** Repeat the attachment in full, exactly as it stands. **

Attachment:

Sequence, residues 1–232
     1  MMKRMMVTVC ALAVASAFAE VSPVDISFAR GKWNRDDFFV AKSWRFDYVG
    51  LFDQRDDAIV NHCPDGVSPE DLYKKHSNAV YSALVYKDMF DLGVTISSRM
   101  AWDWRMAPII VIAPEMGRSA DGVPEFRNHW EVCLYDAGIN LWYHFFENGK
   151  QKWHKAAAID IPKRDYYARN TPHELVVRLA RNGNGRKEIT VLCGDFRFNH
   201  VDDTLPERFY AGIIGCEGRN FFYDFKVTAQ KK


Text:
Sequence, residues 1–232
     1  MMKRMMVTVC ALAVASAFAE VSPVDISFAR GKWNRDDFFV AKSWRFDYVG
    51  LFDQRDDAIV NHCPDGVSPE DLYKKHSNAV YSALVYKDMF DLGVTISSRM
   101  AWDWRMAPII VIAPEMGRSA DGVPEFRNHW EVCLYDAGIN LWYHFFENGK
   151  QKWHKAAAID IPKRDYYARN TPHELVVRLA RNGNGRKEIT VLCGDFRFNH
   201  VDDTLPERFY AGIIGCEGRN FFYDFKVTAQ KK